“We know that genes and environmental factors influence common human diseases like heart disease, diabetes and cancer,” said principal investigator Jake Lusis, a professor of medicine and human genetics and of microbiology, immunology and molecular genetics at the David Geffen School of Medicine at UCLA. “Most research, however, has focused on unraveling the genetic component of disease risk while ignoring the effect of environmental stimuli. Our study examined how the molecular interaction between the two helps lead to disease.
“Smoking and high cholesterol, for example, each increase a person’s risk for heart disease,” he said. “But when you add them together, the total risk exceeds its parts. Their interaction creates a dangerous synergy that causes damage beyond what the two can cause independently.”
Unlike earlier studies that focused on a single gene, the UCLA team scrutinized the activity of thousands of human genes, both at rest and under stress. In particular, the scientists zeroed in on gene expression — the process by which a gene’s DNA sequence is converted into cellular proteins.
Using arteries that surgeons had trimmed from 96 donated hearts prior to organ transplantation, Lusis and his team cultured cells from the inner lining of the blood vessels. To mimic environmental stress, the scientists exposed the cells to fats that incite inflammation and lead to atherosclerosis, or hardening of the arteries. Then they looked at the cells’ genes and compared their normal expression patterns to their activity under stress.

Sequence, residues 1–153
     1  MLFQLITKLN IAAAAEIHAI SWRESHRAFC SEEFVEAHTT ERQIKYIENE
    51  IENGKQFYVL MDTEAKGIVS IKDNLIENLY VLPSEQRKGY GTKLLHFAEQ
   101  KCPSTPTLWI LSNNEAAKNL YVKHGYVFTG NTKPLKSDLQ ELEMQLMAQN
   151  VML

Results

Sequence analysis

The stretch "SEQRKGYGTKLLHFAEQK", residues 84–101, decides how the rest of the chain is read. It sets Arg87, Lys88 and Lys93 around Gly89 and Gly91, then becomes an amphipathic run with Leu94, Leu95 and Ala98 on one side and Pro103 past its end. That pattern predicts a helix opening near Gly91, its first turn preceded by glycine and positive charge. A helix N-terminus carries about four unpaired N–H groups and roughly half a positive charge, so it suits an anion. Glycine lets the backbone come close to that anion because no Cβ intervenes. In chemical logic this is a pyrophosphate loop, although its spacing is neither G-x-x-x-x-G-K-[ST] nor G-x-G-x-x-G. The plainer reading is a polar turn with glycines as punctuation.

“The genes responded differently to inflammation depending on their genetic makeup,” said first author Casey Romanoski, a UCLA graduate student in human genetics. “About 35 percent of the most affected genes were influenced by the interaction between their genetic variants and the fats.”
“You can’t effectively study genes divorced from their context,” she added. “The missing link lies in the intersection of genes with their environment.”
“Our findings demonstrate that these interactions are important in humans and should be considered in genetic research,” Lusis said. “Improving our understanding of the molecular architecture of disease may one day provide us with a new tool for how we address common disorders like cancer, diabetes and heart disease.”
The National Heart, Lung and Blood Institute and the American Heart Association funded the research.